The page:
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Four things that surprised us about using mobile money for school fee payments

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March 10, 2015

Sometimes it seems like everyone is talking about mobile money. Last week the World Bank Group president, Dr. Jim Yong Kim, said that he sees mobile money as a path to give financial access to all by 2020 and to end extreme poverty by 2030. Bill and Melinda Gates boldly bet that mobile money will help the poor transform their lives in the next 15 years. We responded with a piece on how NGOs like BRAC are ensuring that mobile money helps those who need it most.

A year ago, we asked for ideas on how to use mobile money to provide better services to BRAC clients and make the organisation more efficient. After receiving 100 ideas, a panel of external judges reviewed the ideas and a judging panel of senior BRAC leadership selected the 7 most promising ideas to implement.

These ideas came from many places. One of our seven winning ideas was to digitalise school fee payments for a small chain of secondary schools in Dhaka, submitted by BRAC senior director Asif Saleh, who visited the Bridge International Academies in Kenya. Their flexible, digital payment system was designed for parents who relied on informal employment and daily wages to pay tuition when they could.

Another BRAC staff working in Accounts, Arun Kumar Biswas, who was familiar with the difficulties of managing timely school fees from low-income families, also submitted the same idea. When we shared the concept with Dr. Erum Mariam, who directs the BRAC University Institute of Educational Development (IED), she was excited to develop a pilot. Given that the school was already collecting fees on a flexible basis, it seemed like an opportunity to make the process more efficient.

After a lot of preparation, IED introduced the new payment mechanism in one school last November.  In observing the pilot, four things that surprised the Social Innovation Lab team were:

The change might be more welcomed than anticipated.  We thought that students and their parents might protest the change, since many experts have suggested that it can be difficult for people with low literacy and numeracy to use mobile money themselves, instead relying on agents to do the transactions for them. However, when school administrators shared the idea with parents, they were thrilled!  They like having the option to pay fees any time, “even at midnight.”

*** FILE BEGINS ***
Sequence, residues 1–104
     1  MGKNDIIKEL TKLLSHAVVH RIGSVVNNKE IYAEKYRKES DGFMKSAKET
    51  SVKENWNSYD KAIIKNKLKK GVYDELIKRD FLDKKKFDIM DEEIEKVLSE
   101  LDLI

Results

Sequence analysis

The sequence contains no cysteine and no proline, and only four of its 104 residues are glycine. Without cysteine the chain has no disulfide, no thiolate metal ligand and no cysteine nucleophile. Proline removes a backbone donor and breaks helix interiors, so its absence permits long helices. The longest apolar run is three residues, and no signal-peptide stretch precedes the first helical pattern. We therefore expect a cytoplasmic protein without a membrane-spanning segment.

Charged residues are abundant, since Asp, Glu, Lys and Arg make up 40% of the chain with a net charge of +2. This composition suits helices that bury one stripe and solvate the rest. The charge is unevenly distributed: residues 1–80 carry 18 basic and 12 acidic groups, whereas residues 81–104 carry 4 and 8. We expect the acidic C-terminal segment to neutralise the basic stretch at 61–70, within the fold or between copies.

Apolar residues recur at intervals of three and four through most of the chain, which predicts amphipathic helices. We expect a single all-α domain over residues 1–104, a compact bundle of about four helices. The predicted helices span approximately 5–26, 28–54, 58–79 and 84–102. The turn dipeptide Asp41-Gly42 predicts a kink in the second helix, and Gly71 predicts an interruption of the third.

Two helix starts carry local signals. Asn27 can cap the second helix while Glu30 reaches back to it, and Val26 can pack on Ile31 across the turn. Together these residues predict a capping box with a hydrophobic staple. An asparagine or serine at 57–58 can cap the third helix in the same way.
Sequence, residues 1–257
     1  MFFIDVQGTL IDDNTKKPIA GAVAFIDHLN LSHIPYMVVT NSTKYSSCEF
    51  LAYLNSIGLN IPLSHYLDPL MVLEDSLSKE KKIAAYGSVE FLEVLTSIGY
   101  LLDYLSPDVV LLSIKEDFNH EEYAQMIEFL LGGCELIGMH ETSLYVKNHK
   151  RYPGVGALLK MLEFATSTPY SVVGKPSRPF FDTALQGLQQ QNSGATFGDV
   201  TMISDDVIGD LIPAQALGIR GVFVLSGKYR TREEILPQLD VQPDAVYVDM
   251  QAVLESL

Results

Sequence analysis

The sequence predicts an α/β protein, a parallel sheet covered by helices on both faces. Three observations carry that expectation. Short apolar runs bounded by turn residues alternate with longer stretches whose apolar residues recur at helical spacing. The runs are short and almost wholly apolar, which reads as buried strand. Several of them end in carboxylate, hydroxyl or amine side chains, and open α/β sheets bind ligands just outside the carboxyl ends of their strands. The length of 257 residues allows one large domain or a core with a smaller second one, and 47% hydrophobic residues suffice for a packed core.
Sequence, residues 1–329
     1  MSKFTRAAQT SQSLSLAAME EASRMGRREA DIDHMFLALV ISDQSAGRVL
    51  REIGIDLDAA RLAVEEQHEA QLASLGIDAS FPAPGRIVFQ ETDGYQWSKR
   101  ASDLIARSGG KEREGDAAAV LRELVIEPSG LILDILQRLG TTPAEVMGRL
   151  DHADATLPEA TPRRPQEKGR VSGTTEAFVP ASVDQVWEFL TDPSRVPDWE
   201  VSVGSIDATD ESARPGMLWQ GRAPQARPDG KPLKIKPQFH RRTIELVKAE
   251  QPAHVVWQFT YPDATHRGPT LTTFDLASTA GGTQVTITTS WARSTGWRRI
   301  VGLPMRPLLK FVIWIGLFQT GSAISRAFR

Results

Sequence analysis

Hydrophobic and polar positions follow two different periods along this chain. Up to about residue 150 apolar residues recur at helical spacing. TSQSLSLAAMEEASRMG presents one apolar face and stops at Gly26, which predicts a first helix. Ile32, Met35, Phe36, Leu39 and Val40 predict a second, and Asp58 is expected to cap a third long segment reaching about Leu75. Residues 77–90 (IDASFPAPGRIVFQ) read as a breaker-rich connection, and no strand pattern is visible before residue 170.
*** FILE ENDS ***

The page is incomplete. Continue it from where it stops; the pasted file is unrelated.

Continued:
Frontline staffs find opportunities to make small improvements.The teachers and administrators were pleased too, even though they had to learn a lot about training and begin using a new electronic system for managing school fee payments.  But previously, the burden of cash payments, or lack of payment, had weighed on them. One of the teachers shared that,

“Parents can send the fees directly via bKash, they don’t have to come to me. They don’t have to be worried about if their children are spending the money on other things. Lots of time it happened that parents gave the student 150 taka but the student spent 50 taka buying toys and came with 100 taka. It used to be a big problem for us to collect that 50 taka again from the parents. Now we don’t have to deal with such problems.”

As if learning a new computer program wasn’t enough, we were surprised to find that Mohammed Mojibur Rahman, a senior programme organiser used a simple budgeting tracker on his phone to double check the payments. We didn’t even know his phone would have such a tool, and it demonstrated impressive initiative and obviously improved the accuracy of the reporting.

Many parents opted to pre-pay several months in advance, rather than make micro-payments. Based on our understanding of how the poor manage their money, we expected to see parents make small payments over the course of the month.  In fact, we did hear from some students that their parents put money into their mobile wallet bit by bit, and then paid the school at once.  But we also heard stories of parents being happy that they could pre-pay the school fees for a few months!   So we’ve learned something new about how some of our students’ families plan financially.

Some of the poorest students still don’t have access to phones. Although overall phone penetration in Bangladesh is high, with over 61 million unique subscribers, some of the parents didn’t have access to a phone. The project team was able to overcome this by providing them with SIMs, but this reminded us that access to a phone is not within reach for all households.

We’re not sure yet what surprises the next year has in store—but we’d like to invite you to be part of the journey with us—submit your idea today!

 
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